“I’m delighted to be joining the team at NCG – it is incredibly exciting to be working across the Group to assist quality assurance and continuous improvement.

“The Group’s national reach is extensive and highly valuable to the communities it serves. I’m looking forward to working closely with my new colleagues to add value and ultimately help secure excellent results for our learners across NCG.”

Steve will be taking up his post with the group on 16 April 2018.

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NCG appoints top public servant Peter Lauener as Chair

One of the country’s most respected public servants, who previously led the Education and Skills Funding Agency, is joining NCG as Chair.

After a long and distinguished career, Peter Lauener retired from the Civil Service in November 2017.

He advised numerous Secretaries of State on education and skills policy, and most recently led the Education and Skills Funding Agency, where he was the accounting officer for a budget of more than £60bn.

Since retiring, Peter has been undertaking a short term interim role as chief executive of the Student Loans Company. Peter will join NCG in the Spring.

Before leading the Skills Funding Agency and the Education Funding Agency, his career included the implementation of the Youth Training Scheme and of adult training when working for the Manpower Services Commission in the 1980s, the setting up of Training and Enterprise Councils in the 1990s and the development of the further education sector in the 2000s.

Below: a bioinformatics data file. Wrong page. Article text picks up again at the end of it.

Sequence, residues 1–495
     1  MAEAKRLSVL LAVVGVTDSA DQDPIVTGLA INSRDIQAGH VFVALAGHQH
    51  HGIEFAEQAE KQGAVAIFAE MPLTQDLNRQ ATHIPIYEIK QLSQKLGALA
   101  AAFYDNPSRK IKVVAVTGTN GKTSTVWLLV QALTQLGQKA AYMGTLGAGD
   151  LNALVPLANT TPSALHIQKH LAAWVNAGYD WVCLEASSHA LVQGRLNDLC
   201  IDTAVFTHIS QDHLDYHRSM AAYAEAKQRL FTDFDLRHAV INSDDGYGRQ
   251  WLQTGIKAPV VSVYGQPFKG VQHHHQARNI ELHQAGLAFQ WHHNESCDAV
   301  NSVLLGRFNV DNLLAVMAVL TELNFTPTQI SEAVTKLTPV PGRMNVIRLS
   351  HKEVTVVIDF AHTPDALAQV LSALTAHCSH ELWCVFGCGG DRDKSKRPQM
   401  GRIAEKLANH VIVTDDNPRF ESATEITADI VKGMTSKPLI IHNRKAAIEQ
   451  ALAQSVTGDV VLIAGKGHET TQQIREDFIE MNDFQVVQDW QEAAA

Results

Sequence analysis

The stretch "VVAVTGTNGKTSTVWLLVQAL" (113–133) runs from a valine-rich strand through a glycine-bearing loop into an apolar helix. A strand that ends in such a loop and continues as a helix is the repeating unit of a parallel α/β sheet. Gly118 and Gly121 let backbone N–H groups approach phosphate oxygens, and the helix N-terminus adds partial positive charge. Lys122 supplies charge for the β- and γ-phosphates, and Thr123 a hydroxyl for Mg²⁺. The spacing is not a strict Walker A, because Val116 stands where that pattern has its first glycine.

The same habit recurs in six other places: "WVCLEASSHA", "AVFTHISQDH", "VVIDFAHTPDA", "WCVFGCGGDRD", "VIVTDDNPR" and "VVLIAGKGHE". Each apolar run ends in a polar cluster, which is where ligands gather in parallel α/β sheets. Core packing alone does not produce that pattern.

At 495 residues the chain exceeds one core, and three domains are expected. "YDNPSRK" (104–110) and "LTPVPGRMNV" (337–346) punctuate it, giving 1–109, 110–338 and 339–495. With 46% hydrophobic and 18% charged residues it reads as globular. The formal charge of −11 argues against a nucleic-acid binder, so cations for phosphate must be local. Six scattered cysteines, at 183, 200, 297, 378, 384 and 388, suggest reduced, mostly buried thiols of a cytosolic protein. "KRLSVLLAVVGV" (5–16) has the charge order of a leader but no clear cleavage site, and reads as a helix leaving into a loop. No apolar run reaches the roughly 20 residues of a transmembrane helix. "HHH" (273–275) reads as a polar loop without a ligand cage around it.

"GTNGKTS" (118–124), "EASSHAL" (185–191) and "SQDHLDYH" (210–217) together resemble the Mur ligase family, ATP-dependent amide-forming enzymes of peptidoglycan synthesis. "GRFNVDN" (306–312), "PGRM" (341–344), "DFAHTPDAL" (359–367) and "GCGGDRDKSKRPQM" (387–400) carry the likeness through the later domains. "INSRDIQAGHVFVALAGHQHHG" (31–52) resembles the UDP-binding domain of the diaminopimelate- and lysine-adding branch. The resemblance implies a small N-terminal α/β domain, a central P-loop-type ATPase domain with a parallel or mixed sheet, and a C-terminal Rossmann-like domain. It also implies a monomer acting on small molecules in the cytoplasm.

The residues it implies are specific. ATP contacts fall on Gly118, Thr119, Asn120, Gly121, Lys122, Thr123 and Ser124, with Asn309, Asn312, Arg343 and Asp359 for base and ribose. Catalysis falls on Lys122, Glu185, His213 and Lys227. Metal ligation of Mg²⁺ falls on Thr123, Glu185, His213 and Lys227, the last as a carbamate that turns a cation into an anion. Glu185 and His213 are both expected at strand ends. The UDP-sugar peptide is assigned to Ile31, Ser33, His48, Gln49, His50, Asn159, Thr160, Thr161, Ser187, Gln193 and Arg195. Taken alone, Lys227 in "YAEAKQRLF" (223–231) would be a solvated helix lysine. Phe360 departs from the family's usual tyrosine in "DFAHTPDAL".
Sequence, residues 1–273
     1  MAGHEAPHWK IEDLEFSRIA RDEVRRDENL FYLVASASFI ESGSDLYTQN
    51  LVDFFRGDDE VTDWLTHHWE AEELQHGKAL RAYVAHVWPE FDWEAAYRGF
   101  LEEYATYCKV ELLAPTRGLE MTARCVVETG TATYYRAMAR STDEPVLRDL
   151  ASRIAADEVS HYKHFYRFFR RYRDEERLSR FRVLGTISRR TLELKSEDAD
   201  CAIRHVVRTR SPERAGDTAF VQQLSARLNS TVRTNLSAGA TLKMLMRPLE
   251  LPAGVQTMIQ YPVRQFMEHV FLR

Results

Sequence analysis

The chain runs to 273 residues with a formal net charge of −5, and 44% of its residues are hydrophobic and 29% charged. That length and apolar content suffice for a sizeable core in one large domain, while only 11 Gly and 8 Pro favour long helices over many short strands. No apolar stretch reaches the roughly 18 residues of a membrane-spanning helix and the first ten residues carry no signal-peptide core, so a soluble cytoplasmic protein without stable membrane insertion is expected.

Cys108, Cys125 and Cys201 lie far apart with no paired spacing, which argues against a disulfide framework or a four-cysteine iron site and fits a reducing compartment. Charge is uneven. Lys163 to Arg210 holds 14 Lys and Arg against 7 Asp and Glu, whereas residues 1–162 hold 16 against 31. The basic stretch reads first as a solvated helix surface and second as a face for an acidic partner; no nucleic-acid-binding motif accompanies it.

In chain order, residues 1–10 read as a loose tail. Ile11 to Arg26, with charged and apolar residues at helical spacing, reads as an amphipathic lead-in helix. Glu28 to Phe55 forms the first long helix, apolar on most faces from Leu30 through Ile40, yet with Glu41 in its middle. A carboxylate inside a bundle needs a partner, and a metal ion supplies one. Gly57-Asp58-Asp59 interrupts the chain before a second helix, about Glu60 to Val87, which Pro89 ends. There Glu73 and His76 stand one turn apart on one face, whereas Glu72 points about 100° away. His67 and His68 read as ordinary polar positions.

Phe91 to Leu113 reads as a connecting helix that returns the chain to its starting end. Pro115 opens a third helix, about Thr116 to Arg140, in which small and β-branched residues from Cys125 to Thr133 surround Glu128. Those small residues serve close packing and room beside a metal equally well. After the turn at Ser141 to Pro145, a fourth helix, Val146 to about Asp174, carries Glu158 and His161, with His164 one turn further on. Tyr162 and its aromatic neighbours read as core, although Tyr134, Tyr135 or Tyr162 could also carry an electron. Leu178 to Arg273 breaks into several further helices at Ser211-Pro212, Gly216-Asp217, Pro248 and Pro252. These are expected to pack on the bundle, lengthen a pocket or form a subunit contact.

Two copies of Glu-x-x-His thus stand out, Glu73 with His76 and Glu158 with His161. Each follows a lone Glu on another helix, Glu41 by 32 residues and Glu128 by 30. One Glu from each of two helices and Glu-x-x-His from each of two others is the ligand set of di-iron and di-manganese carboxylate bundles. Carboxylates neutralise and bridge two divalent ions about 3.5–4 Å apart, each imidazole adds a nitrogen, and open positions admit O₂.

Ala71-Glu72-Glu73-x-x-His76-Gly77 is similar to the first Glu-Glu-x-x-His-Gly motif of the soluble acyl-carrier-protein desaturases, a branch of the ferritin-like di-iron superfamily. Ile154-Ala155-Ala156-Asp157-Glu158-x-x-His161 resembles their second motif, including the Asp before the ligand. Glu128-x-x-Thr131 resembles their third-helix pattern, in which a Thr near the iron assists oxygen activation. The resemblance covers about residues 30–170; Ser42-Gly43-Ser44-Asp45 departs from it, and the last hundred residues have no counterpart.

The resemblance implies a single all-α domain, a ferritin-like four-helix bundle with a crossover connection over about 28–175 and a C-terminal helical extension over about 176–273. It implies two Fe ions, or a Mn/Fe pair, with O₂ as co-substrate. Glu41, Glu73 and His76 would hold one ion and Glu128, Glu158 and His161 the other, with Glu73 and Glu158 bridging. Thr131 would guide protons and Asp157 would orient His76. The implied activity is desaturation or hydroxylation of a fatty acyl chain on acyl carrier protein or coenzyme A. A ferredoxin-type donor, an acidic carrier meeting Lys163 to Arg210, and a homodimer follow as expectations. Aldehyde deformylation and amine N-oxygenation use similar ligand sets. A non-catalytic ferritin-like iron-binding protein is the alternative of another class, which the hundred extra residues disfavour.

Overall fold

Peter has championed skills in the UK through his role as official delegate for Worldskills and he helped in 2016-17 to establish the Institute for Apprenticeships which is responsible for setting standards for apprenticeships in England.

Peter said:

“I am looking forward to taking up this new role at NCG and getting to know the different colleges and organisations in the Group.

“There is nothing more important than developing the skills of all our people and NCG has a critical role in supporting learners, businesses and communities.”

Joe Docherty, NCG chief executive, said:

“Peter has played a leading role in the shaping of education and training in the UK for some years now.

“He has steered a course for the Skills Funding Agency and the Education Funding Agency through a period of great political and economic change, and consequently made a positive impact on the education and training of people across the country.

“Peter’s insight and experience across the top of tiers of the education industry will be hugely valuable to NCG as we continue to grow and develop our offering.

“NCG works with thousands of learners, employers and apprentices every year and having an expert team at the helm is very important.”

Peter lives in Sheffield, the home of NCG’s national training provider Intraining, and will take up his post from March 1, 2018.